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Open Access Biostatistics & Bioinformatics

Managing Pandemic Disasters: A Resource-Based Analysis

Boaz Ronen1, Moshe Leshno1, Zvi Lieber1, Alex Coman2, Joseph S Pliskin3* and Shimeon Pass4

1Tel Aviv University, Coller School of Management, Israel

2The Academic College of Tel Aviv-Yaffo, Israel

3Ben Gurion University of the Negev, Department of Industrial Engineering and Management, Israel

4SH. Pass and Associates, Kiryat Ono, Israel

*Corresponding author:Joseph S Pliskin, Ben Gurion University of the Negev, Department of Industrial Engineering and Management, Department of Health Policy and Management, Harvard T.H. Chan School of Public Health, Israel

Submission: February 02, 2024;Published: February 13, 2024

DOI: 10.31031/OABB.2024.03.000567

ISSN: 2578-0247
Volume3 Issue4


Healthcare crises are well-known phenomena that occur and are highly disruptive. Consider, for example, Covid19 and other pandemics, wars, multi-casualty natural disasters, industrial disasters, etc. Healthcare systems in Brazil, Spain, Italy, and more around the world collapsed due to the lack of a clear methodology for handling such crises. Following a largescale value creation project with a large medical center we developed a resource-based methodology to cope with three healthcare crisis scenarios: “Peace”, “War” and “Tsunami”.

We identified three load/capacity scenarios for hospitals: “Peace”, “War” and “Tsunami”. The Peacetime scenario is the normal overload situation in a hospital. Figure 1 during “Peace” times, hospitals are usually 10%-20% short in resources. To overcome bottlenecks, managers apply evolutionary methods such as constraint management [1], the complete kit concept, etc. This is the normal condition in hospitals where there are fluctuations in supply and demand. Bottlenecks in this situation are typically medical crews: senior physicians and experienced nurses.

Figure 1:We identified three load/capacity scenarios for hospitals: “Peace”, “War” and “Tsunami”. The Peacetime scenario is the normal overload situation in a hospital.

During “War” times, such as during the COVID-19 pandemic, the need for resources exceeds capacity by over 50%. To overcome this shortage, managers use the above-mentioned evolutionary methods but must also apply revolutionary methods. Here too, system bottlenecks are typically the medical crews. The first step is to create a protective capacity by rapid deployment of auxiliary hospitals. Converting internal medicine wards to COVID-19 wards, postponing elective surgeries, etc. Medical crews work significantly harder and effort must be made to offload them through nurses, paramedics, physician assistants, etc. War scenarios require a hybrid application of evolutionary and revolutionary actions. During “Tsunami” times, thousands of patient’s storm hospital emergency departments. In this scenario, revolutionary methods must be applied. Since the bottlenecks are still medical crews, the policy should be to hospitalize a minimum number of patients and send the majority back to their communities.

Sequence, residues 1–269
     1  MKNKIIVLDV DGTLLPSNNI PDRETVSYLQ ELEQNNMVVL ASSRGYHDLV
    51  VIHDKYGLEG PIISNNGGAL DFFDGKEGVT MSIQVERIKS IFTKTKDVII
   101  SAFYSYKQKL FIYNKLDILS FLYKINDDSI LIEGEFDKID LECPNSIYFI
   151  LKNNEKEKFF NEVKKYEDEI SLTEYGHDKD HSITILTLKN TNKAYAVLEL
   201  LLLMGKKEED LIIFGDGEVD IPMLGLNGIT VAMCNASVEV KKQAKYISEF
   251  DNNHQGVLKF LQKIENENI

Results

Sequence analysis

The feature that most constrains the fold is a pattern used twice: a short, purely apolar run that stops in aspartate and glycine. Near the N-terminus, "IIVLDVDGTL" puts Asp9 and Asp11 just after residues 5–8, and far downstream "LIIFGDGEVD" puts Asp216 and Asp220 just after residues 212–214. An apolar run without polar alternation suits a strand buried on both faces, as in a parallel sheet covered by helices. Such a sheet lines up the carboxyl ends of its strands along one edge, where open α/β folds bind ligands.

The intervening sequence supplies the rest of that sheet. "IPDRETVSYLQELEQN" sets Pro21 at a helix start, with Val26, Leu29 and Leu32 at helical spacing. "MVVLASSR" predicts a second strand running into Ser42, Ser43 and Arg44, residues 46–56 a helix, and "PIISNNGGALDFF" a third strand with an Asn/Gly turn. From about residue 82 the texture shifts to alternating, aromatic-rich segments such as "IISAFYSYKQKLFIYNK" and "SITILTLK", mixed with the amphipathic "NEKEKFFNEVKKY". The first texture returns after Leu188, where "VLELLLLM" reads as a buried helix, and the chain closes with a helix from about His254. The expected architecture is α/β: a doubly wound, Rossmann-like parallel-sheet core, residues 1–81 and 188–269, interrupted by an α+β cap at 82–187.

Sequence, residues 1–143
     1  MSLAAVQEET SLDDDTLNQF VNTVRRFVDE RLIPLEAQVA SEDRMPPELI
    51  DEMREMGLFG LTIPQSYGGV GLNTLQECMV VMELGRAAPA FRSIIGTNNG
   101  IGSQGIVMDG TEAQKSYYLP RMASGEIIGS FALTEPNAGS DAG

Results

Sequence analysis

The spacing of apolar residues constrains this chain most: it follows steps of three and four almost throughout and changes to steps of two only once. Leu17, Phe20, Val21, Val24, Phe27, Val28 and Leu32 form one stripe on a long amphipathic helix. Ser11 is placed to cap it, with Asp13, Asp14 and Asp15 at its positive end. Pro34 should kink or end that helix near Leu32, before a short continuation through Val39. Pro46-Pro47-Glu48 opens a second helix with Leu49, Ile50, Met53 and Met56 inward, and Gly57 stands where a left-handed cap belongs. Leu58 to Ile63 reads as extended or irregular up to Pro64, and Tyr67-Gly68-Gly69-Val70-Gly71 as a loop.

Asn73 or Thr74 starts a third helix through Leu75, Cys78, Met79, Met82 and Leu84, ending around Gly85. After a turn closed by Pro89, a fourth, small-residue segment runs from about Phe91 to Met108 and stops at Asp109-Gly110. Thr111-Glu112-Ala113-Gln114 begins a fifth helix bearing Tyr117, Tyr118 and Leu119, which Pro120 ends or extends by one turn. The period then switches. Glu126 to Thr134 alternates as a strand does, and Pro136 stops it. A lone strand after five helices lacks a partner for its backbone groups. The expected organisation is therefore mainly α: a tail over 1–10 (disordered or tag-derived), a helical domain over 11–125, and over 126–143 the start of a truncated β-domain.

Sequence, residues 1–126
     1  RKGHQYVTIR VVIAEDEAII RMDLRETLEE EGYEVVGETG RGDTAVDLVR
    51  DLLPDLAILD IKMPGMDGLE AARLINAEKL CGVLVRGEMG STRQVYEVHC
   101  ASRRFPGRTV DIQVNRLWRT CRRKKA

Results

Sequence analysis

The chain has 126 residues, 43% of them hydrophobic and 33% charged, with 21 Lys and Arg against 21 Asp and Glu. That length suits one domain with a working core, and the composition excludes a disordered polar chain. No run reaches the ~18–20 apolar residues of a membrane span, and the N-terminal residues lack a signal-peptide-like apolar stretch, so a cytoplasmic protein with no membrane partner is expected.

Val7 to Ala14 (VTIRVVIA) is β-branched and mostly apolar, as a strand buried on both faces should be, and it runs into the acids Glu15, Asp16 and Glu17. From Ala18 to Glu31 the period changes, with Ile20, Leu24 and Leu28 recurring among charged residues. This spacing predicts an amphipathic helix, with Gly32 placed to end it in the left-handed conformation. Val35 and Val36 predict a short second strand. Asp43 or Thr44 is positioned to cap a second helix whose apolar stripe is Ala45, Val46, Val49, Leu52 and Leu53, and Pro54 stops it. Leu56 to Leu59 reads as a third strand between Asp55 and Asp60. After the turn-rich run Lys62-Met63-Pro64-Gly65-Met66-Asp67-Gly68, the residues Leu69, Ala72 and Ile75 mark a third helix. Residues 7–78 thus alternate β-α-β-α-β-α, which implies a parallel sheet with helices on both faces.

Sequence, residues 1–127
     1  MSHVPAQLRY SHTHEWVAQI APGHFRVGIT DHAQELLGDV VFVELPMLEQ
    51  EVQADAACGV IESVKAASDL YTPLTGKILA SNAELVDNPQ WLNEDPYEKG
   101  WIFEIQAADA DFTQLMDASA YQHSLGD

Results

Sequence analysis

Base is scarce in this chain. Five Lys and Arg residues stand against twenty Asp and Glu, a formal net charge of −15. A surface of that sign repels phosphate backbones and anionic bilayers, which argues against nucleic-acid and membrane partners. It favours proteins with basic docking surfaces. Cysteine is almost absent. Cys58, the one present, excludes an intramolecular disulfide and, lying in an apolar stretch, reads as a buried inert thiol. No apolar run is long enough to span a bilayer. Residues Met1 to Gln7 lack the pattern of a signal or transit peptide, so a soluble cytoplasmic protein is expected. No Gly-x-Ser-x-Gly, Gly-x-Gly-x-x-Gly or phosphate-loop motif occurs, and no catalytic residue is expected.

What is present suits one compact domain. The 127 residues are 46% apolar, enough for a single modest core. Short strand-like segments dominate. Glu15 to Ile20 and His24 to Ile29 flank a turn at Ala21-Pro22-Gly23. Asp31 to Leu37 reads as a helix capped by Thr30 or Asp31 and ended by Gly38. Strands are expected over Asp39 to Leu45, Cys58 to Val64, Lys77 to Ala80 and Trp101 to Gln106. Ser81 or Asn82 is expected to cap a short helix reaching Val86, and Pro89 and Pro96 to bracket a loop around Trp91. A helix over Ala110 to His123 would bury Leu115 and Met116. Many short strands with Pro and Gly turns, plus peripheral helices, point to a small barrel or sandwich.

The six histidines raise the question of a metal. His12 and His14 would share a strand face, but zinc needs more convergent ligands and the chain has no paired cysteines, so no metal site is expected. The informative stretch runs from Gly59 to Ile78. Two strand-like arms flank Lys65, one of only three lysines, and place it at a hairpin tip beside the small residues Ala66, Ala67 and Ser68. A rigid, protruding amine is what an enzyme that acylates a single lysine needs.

Evolutionary steps are a waste of managerial energy during the Tsunami scenario as they focus on double-digit improvement rather than on an “order-of-magnitude” increase. For Peace and War scenarios, the Theory of Constraints (TOC) can serve as an effective tool to increase capacity. During “peace” times, evolutionary strategies handle excess demand peaks. During “war” times, a hybrid evolutionary/disruptive (revolutionary) strategy should be applied. During “Tsunami” times, a disruptive (revolutionary) strategy should be applied exclusively.

This paper deals with healthcare crisis management during pandemic times. The leader must diagnose the condition the organization is in and act accordingly. The concept is applicable in other “code brown” crisis management scenarios such as chemical or nuclear massive accidents, natural disasters, etc. Many leaders respond intuitively to such crises. By establishing a resource management methodology, we strive to facilitate the dialogue within the team and also among teams that have not worked together in the past.


  1. Ronen B, Pliskin JS, Pass S (2018) The hospital and clinic improvement handbook: Using lean and the theory of constraints for better healthcare delivery, Oxford University Press, UK.

© 2024 Joseph S Pliskin. This is an open access article distributed under the terms of the Creative Commons Attribution License , which permits unrestricted use, distribution, and build upon your work non-commercially.